The Distinctions Between Kung Fu and Karate

 

Kung Fu and Karate pic

Kung Fu and Karate
Image: livestrong.com

Based in Manchester, New Hampshire, Edward “Ed” Marsi holds responsibilities as senior financial consultant with TD Ameritrade. With a passion for muscle cars and sports, Edward Marsi also has a longstanding interest in martial arts.

One question that arises among many new to the latter discipline is the difference between Chinese traditions such as kung fu and Japanese traditions such as karate. Originating in Okinawa, or the Rukyuu islands, karate reflected the exposure that those living in Japan’s southern islands had to China and kung fu martial arts.

While karate and kung fu share a number of core techniques, the latter emphasizes complex, circular movements of the hands. By contrast, karate evolved into a streamlined version that features more linear strikes and sudden stop-and-go movements.

There are many variations between schools in both disciplines and some karate styles such as goju incorporate circular movements. In addition, there are kempo traditions that combine Okinawan karate and kung fu in a dynamic hybrid approach.

A final distinction is that those who practice karate typically attain ranks denoted by belt color. With kung fu, rankings are not traditionally part of the uniform, though some Western-influenced schools have incorporated colored sashes.

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Leveraging IRAs and 401(k)s in Retirement Planning

 

Retirement Planning pic

Retirement Planning
Image: investopedia.com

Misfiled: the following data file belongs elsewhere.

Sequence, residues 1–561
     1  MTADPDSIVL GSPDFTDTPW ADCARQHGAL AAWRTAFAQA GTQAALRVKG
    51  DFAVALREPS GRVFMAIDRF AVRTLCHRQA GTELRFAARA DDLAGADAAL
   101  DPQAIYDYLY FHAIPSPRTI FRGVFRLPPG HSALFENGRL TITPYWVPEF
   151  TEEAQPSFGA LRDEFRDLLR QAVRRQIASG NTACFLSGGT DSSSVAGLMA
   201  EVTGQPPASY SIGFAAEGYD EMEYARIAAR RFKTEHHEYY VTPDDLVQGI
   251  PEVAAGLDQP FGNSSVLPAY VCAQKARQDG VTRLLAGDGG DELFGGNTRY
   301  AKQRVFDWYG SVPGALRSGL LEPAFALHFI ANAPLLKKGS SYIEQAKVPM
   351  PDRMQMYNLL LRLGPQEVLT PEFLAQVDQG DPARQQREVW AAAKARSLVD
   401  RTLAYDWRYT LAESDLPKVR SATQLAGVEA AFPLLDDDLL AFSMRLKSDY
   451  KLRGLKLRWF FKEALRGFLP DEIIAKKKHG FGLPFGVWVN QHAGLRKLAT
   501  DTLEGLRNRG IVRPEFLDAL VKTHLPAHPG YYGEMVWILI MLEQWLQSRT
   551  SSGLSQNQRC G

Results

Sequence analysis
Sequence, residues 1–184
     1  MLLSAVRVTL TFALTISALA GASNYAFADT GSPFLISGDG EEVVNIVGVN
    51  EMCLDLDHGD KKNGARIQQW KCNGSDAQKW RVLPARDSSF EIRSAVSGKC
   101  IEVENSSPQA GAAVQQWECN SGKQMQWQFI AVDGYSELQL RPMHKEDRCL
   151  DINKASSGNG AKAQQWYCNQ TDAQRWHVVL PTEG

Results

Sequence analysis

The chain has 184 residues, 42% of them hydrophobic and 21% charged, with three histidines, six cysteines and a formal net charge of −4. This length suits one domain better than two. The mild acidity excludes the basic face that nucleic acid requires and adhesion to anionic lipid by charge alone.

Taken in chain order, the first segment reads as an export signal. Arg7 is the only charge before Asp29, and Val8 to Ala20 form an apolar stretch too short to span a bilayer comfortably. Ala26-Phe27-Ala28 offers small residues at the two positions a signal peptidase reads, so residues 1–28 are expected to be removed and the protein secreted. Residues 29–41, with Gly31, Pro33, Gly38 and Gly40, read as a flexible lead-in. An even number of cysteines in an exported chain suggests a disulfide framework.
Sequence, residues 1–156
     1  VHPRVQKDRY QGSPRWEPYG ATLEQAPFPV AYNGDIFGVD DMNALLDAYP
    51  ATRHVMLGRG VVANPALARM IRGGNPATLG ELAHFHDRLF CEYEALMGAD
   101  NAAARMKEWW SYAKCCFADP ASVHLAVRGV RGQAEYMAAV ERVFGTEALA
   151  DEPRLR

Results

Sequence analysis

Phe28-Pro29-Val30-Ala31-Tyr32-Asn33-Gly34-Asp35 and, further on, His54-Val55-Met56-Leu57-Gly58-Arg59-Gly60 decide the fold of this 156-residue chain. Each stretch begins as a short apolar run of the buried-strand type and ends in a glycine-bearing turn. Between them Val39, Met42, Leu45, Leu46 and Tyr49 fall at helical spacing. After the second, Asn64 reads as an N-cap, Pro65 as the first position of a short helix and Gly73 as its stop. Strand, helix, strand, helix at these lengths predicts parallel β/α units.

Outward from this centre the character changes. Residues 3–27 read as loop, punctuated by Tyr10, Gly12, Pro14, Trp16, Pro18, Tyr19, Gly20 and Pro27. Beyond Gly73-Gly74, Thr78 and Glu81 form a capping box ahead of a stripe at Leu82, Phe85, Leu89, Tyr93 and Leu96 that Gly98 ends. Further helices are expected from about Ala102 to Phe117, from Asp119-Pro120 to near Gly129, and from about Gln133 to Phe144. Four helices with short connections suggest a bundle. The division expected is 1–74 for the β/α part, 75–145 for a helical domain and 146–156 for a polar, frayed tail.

Edward “Ed” Marsi is a longtime New Hampshire financial professional who holds an executive position at TD Ameritrade. One of the core areas of focus for many of the clients Edward Marsi serves centers on a sustainable retirement.

For the many Millennials reaching an age where purchasing homes and starting families is becoming a reality, there are a number of ways of ensuring sufficient savings amid the myriad financial outlays life presents.

The two most common retirement accounts are IRAs and 401(k)s. The latter of these is employer sponsored and provides tax-deferred compensation; with annual contributions capped at $18,000, it is the employer who is responsible for selecting where the invested funds go. By contrast, IRAs offer tax-deferred advantages that are not provided through the employer and have a much smaller cap, of $5,500 a year.

One key retirement planning consideration is that these accounts should not simply be cashed out when changing employers. Doing so can bring about a 10-percent penalty, on top of the taxes assessed, for those who are not 59½ or older. Conversely, for those who have entered the retirement age, it is important to realize that at 70½, a withdrawal mandate for an annual required minimum distribution becomes a factor as well.

The Emergence of the Muscle Car on the American Scene

Muscle Carpic

Muscle Car
Image: gentlemansgazette.com

Edward “Ed” Marsi is a respected Manchester, New Hampshire, financial professional who holds a senior position with TD Ameritrade. A martial arts enthusiast, Edward Marsi enjoys activities such as sports and working on muscle cars in his free time.

The muscle car evolved after World War II, as demand increased among the public for vehicles that maximized power and speed. The first car on the market built specifically to meet these criteria was the Oldsmobile Rocket 88, which contained a pioneering 303-cubic-inch V8 under the hood and achieved eight out of 10 victories in NASCAR competition that year.

The next major evolution occurred in 1955, with the introduction of the NASCAR-dominating Chrysler C-300. This led to a full-out horsepower “arms race” between Plymouth, Dodge, and Chrysler, with the 1962 Dodge Dart able to complete a quarter mile in 13 seconds, behind a 413-cubic-inch engine. With the introduction of the Pontiac GTO, Dodge Polara 500, and Chevrolet SS in 1964, the era of ubiquitous muscle cars had truly begun.